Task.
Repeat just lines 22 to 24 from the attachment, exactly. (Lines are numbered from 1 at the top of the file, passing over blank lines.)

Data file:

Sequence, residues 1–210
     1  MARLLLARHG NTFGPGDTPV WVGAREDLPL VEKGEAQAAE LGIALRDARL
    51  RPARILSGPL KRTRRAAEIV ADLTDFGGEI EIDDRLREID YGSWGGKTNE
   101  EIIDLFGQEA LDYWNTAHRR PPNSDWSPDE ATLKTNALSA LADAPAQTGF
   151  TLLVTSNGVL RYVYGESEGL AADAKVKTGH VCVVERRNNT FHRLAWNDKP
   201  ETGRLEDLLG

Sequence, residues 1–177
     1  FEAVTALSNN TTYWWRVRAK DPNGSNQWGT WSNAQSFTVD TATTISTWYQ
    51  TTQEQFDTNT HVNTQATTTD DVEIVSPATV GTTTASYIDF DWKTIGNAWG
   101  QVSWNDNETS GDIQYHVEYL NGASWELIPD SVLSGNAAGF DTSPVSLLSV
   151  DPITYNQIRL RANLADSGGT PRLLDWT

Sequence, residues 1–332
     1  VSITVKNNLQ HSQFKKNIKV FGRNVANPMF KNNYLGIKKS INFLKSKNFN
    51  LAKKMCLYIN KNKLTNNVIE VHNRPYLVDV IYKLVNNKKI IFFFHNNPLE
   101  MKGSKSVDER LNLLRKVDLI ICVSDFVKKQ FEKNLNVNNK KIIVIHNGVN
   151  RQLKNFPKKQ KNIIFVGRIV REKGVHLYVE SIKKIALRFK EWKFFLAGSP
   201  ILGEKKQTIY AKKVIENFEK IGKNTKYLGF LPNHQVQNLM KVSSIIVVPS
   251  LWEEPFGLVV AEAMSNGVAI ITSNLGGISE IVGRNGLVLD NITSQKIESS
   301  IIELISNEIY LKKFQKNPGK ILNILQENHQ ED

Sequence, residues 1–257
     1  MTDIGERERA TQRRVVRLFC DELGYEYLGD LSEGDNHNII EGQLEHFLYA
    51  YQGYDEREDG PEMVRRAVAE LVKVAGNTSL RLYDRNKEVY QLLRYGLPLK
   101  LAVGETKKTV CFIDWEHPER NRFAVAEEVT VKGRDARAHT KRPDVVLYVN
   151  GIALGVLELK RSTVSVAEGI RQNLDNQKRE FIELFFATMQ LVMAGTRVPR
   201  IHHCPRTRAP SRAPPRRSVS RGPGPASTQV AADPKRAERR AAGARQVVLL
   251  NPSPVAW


    51  YQGYDEREDG PEMVRRAVAE LVKVAGNTSL RLYDRNKEVY QLLRYGLPLK
   101  LAVGETKKTV CFIDWEHPER NRFAVAEEVT VKGRDARAHT KRPDVVLYVN
   151  GIALGVLELK RSTVSVAEGI RQNLDNQKRE FIELFFATMQ LVMAGTRVPR